PHOENIX -- Load the bases with D-backs at your own peril. Lately, a grand slam is almost a sure thing, at least on their home turf. They struck again with the bases loaded Wednesday night, as Ryan Roberts delivered the D-backs' second grand slam in as many nights and the team's fourth in their last four games at Chase Field, giving Arizona a first-inning lead in Game 4 of the National League Division Series against the Brewers. After the D-backs finished off a 10-6 victory to send the series back to Milwaukee for a decisive Game 5, D-backs manager Kirk Gibson explained what it takes to string together grand slams the way the D-backs have.
It's pretty simple to Gibson, really. "The key is to get the bases loaded," Gibson said. "I hope we get to come back here and maybe do it for the fifth time." That, of course, would be in the National League Championship Series, which would take a Game 5 victory in Milwaukee to make happen. Having provided bookends to the grand-slam streak, his Sept. 27 bomb getting it started, Roberts said the D-backs have done what you're supposed to do when batting with the bases loaded. "In that situation, you talk about not trying to do too much," Roberts said. "You just try to put a good swing on the ball, not try to hit the ball out, not try to do too much. I think everybody's done that, and it's happened to go out." One night after rookie Paul Goldschmidt delivered a grand slam to lead the D-backs to a Game 3 victory, Roberts turned on a Randy Wolf changeup, sending it into the home bullpen in left field and sending the black-clad D-backs crowd into a rafters-shaking frenzy. According to the Elias Sports Bureau, it marked only the second time in postseason history a team has delivered grand slams in back-to-back games. In the 1977 NL Championship Series, the Dodgers' Ron Cey collected one in Game 1 and Dusty Baker followed with one in Game 2. The D-backs became the fifth team in postseason history to collect two grand slams in a single playoff series. Chris Young followed Roberts' shot with a home run to center field, providing the D-backs with the first back-to-back homers in their postseason history. The streak of slams began with the remarkable Sept. 27 walk-off shot by Roberts against the Dodgers, a feat that was only the fourth extra-inning grand slam in history to erase a three-run lead, putting him on the same list with Babe Ruth (1925 Yankees), Roger Freed (1979 Cardinals) and Jason Giambi (2002 Yankees). On that one, Roberts did his best Gibson impression, circa the 1988 World Series, pumping his fist as he circled the bases. This time, a curtain call -- the second in as many nights for a grand-slam performance -- brought him to the top step of the dugout, where he waved his arms wildly in celebration with the fans. "I'll take both of them," Roberts said. "Both are equally as meaningful to me. I can't say one's better than the other. They're both special to me." Roberts' regular-season slam, the first of his career, was followed on the season's final day by a Cole Gillespie grand slam in the ninth inning of a 7-5 loss to the Dodgers. Now, two more in the postseason have pushed the team to the brink. Before Game 4 on Wednesday, Gibson spoke about his team's recent propensity for coming through with the bases loaded. "I hope there's another one for us. Those are nice," Gibson said. He and the D-backs got their wish in the first inning, and that started with leadoff hitter Willie Bloomquist delivering yet again. He has reached base to lead off the first inning for the D-backs in three of the first four games, being tagged out at home in Game 1, scoring the game's first run in Game 3 and then standing on third when Roberts unleashed his shot Wednesday night. "If I can get hit by a pitch or walk or get a base hit, just somehow get on base to get us going and jump-started, that's my job," Bloomquist said. And in Game 4, it couldn't have ignited the first salvo of the game any better, as the D-backs continued their run of truly grand performances. "That's a tribute to guys getting on base and guys doing damage when they are on base," Bloomquist said. "We've done that all year. It seems to be timely hitting at the right time. That's what makes this team fun. It's somebody new all the time." But four grand slams in four home games? That's kind of crazy. "This team's been great all year like that," Roberts said. "It's just coincidence that it happened so fast."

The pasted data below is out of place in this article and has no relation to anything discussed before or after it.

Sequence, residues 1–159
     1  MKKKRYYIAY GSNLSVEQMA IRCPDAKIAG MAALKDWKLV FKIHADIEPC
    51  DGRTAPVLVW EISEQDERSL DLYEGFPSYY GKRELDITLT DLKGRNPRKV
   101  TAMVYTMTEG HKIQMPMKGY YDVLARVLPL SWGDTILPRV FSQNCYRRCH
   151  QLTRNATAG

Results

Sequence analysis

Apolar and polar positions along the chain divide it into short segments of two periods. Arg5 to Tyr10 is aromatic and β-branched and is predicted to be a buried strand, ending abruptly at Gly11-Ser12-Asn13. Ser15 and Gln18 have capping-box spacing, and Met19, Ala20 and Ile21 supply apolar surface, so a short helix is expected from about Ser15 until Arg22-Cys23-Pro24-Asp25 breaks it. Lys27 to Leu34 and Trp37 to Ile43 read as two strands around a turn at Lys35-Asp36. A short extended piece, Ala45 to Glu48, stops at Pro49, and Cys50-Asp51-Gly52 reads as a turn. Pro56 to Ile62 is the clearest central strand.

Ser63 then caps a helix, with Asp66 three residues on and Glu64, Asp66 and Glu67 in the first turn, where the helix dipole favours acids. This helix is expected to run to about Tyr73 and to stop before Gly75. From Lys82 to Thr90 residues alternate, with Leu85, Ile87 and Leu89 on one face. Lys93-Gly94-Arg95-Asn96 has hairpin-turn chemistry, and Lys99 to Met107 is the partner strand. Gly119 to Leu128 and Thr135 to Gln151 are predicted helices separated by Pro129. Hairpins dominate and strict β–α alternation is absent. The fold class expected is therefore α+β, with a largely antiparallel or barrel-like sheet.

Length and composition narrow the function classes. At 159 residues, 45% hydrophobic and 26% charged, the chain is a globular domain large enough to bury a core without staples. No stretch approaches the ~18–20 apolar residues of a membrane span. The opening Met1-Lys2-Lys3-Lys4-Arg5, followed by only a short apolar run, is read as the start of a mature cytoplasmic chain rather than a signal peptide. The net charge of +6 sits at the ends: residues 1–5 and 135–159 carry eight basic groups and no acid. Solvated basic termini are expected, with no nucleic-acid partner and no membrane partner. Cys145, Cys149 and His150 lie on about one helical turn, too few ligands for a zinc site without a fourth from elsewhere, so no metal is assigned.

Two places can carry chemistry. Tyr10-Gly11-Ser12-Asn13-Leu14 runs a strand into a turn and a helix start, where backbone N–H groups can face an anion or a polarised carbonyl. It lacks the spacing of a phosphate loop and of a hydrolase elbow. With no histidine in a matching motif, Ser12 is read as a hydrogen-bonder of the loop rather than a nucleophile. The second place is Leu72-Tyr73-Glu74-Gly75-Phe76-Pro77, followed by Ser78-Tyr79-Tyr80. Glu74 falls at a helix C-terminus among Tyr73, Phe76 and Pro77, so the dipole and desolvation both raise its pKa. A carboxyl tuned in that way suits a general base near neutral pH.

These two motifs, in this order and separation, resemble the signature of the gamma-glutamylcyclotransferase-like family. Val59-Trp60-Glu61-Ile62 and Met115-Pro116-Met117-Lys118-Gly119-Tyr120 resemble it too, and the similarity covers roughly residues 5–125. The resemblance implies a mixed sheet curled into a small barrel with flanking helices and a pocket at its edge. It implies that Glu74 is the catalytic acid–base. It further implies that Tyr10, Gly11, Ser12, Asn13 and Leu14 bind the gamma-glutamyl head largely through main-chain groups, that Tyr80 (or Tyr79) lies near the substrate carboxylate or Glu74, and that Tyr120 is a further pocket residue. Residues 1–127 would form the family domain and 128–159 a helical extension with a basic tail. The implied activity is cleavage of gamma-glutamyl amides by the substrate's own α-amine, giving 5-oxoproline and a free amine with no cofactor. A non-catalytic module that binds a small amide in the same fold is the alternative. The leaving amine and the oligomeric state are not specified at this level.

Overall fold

John Schlegel is a national reporter for MLB.com. This story was not subject to the approval of Major League Baseball or its clubs.